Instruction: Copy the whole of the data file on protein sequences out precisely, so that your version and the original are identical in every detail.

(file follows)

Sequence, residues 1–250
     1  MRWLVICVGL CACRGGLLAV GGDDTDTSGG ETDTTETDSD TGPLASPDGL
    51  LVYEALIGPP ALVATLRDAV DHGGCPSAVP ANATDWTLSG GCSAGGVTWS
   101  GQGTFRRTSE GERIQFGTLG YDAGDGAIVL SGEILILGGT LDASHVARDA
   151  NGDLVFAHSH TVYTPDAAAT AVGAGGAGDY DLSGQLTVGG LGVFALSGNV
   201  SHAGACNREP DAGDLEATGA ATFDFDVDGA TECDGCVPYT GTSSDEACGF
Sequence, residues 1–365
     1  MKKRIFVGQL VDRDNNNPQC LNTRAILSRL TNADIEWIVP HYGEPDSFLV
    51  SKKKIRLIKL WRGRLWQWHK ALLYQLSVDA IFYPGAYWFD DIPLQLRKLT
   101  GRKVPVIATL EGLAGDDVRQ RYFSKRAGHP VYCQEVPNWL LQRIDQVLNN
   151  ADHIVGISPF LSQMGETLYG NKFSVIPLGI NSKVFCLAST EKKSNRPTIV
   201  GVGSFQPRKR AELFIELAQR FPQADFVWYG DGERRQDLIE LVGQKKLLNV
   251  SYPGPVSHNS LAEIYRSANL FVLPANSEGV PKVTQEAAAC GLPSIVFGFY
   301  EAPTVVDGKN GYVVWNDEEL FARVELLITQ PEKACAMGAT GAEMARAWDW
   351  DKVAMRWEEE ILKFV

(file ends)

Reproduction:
Sequence, residues 1–250
     1  MRWLVICVGL CACRGGLLAV GGDDTDTSGG ETDTTETDSD TGPLASPDGL
    51  LVYEALIGPP ALVATLRDAV DHGGCPSAVP ANATDWTLSG GCSAGGVTWS
   101  GQGTFRRTSE GERIQFGTLG YDAGDGAIVL SGEILILGGT LDASHVARDA
   151  NGDLVFAHSH TVYTPDAAAT AVGAGGAGDY DLSGQLTVGG LGVFALSGNV
   201  SHAGACNREP DAGDLEATGA ATFDFDVDGA TECDGCVPYT GTSSDEACGF
Sequence, residues 1–365
     1  MKKRIFVGQL VDRDNNNPQC LNTRAILSRL TNADIEWIVP HYGEPDSFLV
    51  SKKKIRLIKL WRGRLWQWHK ALLYQLSVDA IFYPGAYWFD DIPLQLRKLT
   101  GRKVPVIATL EGLAGDDVRQ RYFSKRAGHP VYCQEVPNWL LQRIDQVLNN
   151  ADHIVGISPF LSQMGETLYG NKFSVIPLGI NSKVFCLAST EKKSNRPTIV
   201  GVGSFQPRKR AELFIELAQR FPQADFVWYG DGERRQDLIE LVGQKKLLNV
   251  SYPGPVSHNS LAEIYRSANL FVLPANSEGV PKVTQEAAAC GLPSIVFGFY
   301  EAPTVVDGKN GYVVWNDEEL FARVELLITQ PEKACAMGAT GAEMARAWDW
   351  DKVAMRWEEE ILKFV